Pineapple News for Mac OS X
Graphics by Steven Ansell. He really went out of his way to ensure that I was happy with his work. If you are writing a program, you should consider buying your artwork from him. Contact him at http://www.stevenansell.com/
This is the Pineapple News main window. Note that there are four news accounts configured, three of them “folded up” at the moment. The numbers in parentheses are the total unread messages for each newsgroup and account. The button on the right side of the header bar with the JPEG icon indicates that the message being viewed contains a binary attachment.
This is where you enter information about your news server.
Pineapple News is a USENET newsreader for Mac OS X. It is primarily an offline reader, but it has features and user interface conventions that make it easy to use online also. As you can see, it uses the traditional three-pane paradigm.
Way back in 1999, I started working on the BeOS version of this program, which I unleashed on an unsuspecting public in 2000. The Mac OS X version was released five years later, in 2005. They share almost no code, because the BeOS and Mac OS X Cocoa APIs are quite different. The two programs are otherwise similar, though.
The program is easy to set up and use. Steven Ansell, the guy who drew all the program’s graphics, had never heard of USENET before. He was able to get up and running with Pineapple News after asking me only one question, which I answered in just a few sentences. And that was before I had finished the manual.
You will need a PowerPC or Intel Macintosh running Mac OS X 10.3.9 or later. The amount of disk space consumed will depend on your viewing habits, but 80 megabytes sounds about right.
You need a connection to the internet. Any type will do: analog modem, wireless, cable, DSL, T1. Finally, you’ll need an account on a USENET server. Typically you would purchase one from providers such as Newsguy or news.individual.net, but there are servers available on the internet that you can use for free. The program’s documentation explains how you go about finding and using such servers.
You can search for groups you’re interested in, and choose the ones you want to subscribe to.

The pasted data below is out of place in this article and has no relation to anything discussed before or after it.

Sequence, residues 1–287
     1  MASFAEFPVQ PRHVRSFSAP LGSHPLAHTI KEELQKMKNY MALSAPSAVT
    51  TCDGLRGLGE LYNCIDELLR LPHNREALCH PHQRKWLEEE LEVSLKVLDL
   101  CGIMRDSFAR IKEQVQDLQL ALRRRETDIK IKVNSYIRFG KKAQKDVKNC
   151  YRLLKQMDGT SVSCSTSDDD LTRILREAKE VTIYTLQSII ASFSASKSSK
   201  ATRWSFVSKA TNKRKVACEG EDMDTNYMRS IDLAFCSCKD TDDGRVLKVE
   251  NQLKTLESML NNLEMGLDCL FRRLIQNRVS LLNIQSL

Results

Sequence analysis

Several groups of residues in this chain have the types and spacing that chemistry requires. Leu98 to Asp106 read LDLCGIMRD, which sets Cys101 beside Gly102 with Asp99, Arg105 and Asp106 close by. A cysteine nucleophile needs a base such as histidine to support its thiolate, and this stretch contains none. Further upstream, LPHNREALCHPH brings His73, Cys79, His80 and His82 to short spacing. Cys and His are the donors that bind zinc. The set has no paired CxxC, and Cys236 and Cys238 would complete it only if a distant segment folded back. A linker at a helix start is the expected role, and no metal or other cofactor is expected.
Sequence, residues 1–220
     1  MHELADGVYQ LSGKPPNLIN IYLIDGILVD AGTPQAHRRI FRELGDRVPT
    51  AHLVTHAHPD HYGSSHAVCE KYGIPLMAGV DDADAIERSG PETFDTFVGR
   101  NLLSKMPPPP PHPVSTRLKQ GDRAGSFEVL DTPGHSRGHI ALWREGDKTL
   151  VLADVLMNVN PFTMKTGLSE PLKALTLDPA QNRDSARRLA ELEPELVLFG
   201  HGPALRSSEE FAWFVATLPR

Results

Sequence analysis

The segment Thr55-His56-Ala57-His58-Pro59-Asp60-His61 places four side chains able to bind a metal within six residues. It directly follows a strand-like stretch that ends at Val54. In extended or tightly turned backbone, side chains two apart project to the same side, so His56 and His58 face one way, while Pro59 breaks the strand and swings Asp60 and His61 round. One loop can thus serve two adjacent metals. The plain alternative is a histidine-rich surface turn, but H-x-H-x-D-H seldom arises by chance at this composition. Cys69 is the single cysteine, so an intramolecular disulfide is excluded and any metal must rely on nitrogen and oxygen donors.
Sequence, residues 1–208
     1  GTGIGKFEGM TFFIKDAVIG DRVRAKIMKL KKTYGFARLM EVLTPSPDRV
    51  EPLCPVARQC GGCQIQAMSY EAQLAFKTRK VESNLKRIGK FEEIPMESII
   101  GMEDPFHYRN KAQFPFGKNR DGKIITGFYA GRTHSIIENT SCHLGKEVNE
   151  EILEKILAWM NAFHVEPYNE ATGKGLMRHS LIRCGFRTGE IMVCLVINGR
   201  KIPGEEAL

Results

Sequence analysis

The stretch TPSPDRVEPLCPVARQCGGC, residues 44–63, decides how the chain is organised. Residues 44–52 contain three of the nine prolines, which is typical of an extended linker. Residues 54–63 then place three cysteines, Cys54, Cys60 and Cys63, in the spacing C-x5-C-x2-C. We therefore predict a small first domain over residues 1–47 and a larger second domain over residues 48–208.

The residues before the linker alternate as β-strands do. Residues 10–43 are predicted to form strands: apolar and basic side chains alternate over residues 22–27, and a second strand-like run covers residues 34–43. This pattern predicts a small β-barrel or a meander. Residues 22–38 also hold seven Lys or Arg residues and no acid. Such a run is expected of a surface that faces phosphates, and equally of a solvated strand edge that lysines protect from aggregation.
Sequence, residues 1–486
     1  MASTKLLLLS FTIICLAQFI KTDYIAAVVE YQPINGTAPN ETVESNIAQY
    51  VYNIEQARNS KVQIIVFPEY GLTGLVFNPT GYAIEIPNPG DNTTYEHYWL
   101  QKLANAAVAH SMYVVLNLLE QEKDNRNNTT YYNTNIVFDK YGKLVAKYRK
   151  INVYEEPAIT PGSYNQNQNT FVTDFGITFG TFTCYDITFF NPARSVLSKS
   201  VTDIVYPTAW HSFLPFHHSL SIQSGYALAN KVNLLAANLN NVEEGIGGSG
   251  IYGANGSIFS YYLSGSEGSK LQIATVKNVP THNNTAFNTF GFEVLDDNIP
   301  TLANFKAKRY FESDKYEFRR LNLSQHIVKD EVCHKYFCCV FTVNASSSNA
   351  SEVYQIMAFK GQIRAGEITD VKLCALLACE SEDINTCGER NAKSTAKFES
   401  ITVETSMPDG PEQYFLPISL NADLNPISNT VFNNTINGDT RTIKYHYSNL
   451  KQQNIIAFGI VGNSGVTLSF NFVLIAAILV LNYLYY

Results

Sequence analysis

It’s easy to set up multiple server accounts and use them all simultaneously. You can create many identities, each with its own signature file, and switch between them quickly. You can set individual groups for headers-only or full article downloads, which helps you make the best use of your network bandwidth. The program allows you to create your own storage folders, which you can use to save copies of messages that interest you. Cross-post detection means you won’t have to read the same article more than once. The program has a killfile, so you can ignore unruly posters. You can proof messages you write with Mac OS X’s built-in spell-checker. Extensive online help is available in standard Mac OS X helpbook format, which allows you to quickly search for keywords of interest.
The program displays quoted text in distinctive colors, so it’s easy to see who said what. If you don’t like the default colors, you can customize them from the program’s preferences window. It searches message text for URLs and e-mail addresses and turns them into highlighted clickable links, so that USENET messages can have some of the advantages of web pages.
Pineapple News can decode binary attachments in several formats: yenc, uuencode, MIME base64, and MIME inline. If an attachment is spread across two or more message files, it will automatically search through all downloaded messages in the current newsgroup, find the necessary parts, and stitch them back together. Currently, the program can’t deal with RARs, PARs, or NZB files, but I’ll likely add support for them, if there is enough interest.
Here the program is displaying a message in Chinese.
Perhaps Pineapple News’ strongest feature is its foreign language support. It knows how to interpret any kind of messages you might encounter, and can properly display them, regardless of what language they were written in. It knows all about MIME, quoted-printable, base64, and character sets. If you run across an HTML message, the program will use a WebKit view to display it for you. The message viewer allows you to specify a custom font, so you can choose one that’s well-suited to your native language. Mac OS X’s superior font-handling abilities are a big help here: if the current font doesn’t contain the glyphs needed to display a particular bit of text, it will search all your installed fonts until it finds one that does. The practical upshot is that improperly-decoded message text is rare.
I don’t know about you, but personally I often avoid downloading and installing new programs because I’m afraid they will make a big mess, and that I’ll have trouble getting rid of them.
Pineapple News does not have an installer. You download the archive, the program pops out, you move it to your Applications folder or wherever you would like it to go, and you’re done. The program stores its message data in only one folder. If you decide that Pineapple News is not for you, you can toss the program, its data folder, and its prefs file into the trash, and it will be completely gone.
This window shows the queue of network transfers. The one at the top in bold is currently executing. The buttons below allow you to reorder or remove actions.
As of September 2007, Pineapple News is completely free.
This version is totally free, and will not expire. I still use it myself quite a lot, but active development has ceased. If anybody has a burning desire to take over maintenance of the program, send me an e-mail.
You can download version 0.9.0 here.